This January, Xia invited several children from his village in Huangshi on a hiking trip to get them off their phones. These children, who used to spend their entire day on their phones, walked over 20,000 steps almost without a single glance at a phone screen, Xia claims. “By actively diverting their attention, we helped them develop a new habit. They realized that it wasn’t essential to constantly be on their phones. They discovered the joy of playing outside...They can now choose to use their phones or not.”

Left-behind children are playing with volunteers during summer vacation

Schools and community centers in Chinese villages sometimes offer extracurricular activities for “left-behind” children to keep them entertained during school holidays (VCG)

Concerned about the rising phone addiction among children in their hometown Huanggangmiao village in Hubei, retired teacher Lei Xuxin and his son Lei Yu, a journalist in his 30s, together with the local government, established a community center called Hope Bookhouse this March. The center is designed for students from grades two to six, providing a space where they can study, socialize, and play with volunteers.

“It’s sad for me to see these left-behind children spending entire days playing mobile games,” Lei Xuxin told state broadcaster CCTV this October, explaining his motivations. “These kids in my hometown often squat under the roofs of the homes with Wi-Fi and play on their phones.”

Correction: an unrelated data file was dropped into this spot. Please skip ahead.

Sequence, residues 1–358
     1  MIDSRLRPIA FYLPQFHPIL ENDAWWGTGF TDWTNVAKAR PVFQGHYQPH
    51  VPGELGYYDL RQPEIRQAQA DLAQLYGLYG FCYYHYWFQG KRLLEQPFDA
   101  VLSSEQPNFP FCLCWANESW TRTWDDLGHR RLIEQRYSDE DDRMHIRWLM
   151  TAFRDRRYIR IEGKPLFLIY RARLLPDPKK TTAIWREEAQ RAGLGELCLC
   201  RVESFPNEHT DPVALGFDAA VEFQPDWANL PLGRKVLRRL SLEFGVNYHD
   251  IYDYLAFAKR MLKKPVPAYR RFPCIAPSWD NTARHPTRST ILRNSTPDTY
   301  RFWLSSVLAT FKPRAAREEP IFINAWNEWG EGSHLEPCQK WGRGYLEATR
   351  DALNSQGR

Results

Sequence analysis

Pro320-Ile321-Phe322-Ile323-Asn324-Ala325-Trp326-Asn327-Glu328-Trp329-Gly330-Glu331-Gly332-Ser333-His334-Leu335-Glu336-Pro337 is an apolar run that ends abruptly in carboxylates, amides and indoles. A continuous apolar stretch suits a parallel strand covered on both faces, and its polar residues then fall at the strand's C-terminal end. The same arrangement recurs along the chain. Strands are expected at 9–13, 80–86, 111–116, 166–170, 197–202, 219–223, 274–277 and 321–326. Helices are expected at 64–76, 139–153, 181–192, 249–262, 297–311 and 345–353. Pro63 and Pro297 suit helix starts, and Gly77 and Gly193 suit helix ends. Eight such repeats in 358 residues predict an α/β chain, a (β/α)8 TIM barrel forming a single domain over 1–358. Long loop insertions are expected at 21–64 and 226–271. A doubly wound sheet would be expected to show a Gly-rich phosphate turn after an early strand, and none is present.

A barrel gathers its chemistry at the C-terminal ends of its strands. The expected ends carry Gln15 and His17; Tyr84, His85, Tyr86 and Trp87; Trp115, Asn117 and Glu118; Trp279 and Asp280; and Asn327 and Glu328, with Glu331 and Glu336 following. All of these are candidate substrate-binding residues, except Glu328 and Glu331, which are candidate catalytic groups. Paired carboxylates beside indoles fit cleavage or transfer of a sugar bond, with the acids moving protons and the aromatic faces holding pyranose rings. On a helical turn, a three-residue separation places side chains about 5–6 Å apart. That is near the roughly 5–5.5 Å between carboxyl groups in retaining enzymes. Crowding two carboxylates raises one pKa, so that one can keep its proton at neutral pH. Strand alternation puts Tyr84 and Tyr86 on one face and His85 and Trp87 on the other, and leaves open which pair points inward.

Located in Sanlifan town, where 90 percent of household revenue comes from people working outside, the village has 600 permanent residents, most of them elderly or children. One principal at a high school in the town told Xia that many students’ academic performance, and even their morality, were slipping due to their addiction to cellphones. The children rarely used their phones for study, according to the principal.

The Hope Bookhouse project in Huanggangmiao is based inside a renovated government building, and provided free reading, calligraphy, and chess classes, as well as significant outdoor play time, to over 40 pupils this July. The children quickly forgot about their phones when they played together, according to Xia, who participated in the establishment of the center. “The kids got familiar with each other, connected with the entire village, and finally began relishing their childhood,” he says.

Left-behind children are doing their homework

Volunteers at the Hope Bookhouse help left-behind children with their homework and organize other activities to prevent them from spending too much time on phones (Xia Zhuzhi)

Xia is planning to set up a similar center for about 40 children in Huangshi. He has already transformed two rooms of a local primary school in his hometown with books, desks, and other non-digital activities. Five teachers have signed up to entertain children during the summer vacation next July.

Xia hopes he can convince the children of the virtues of the non-digital world, get them to ditch their cellphones, and spend more time playing outside like he did when he was young. “Children should be able to find the meaning of their childhood [outside],” he says.

Digital Babysitters: Battling Phone Addiction in China’s Rural Schools is a story from our issue, “Online Odyssey.” To read the entire issue, become a subscriber and receive the full magazine.


author Yang Tingting (杨婷婷)

Yang Tingting is a Chinese editor at The World of Chinese. Interested in telling Chinese stories, she writes mainly about culture, language, and society.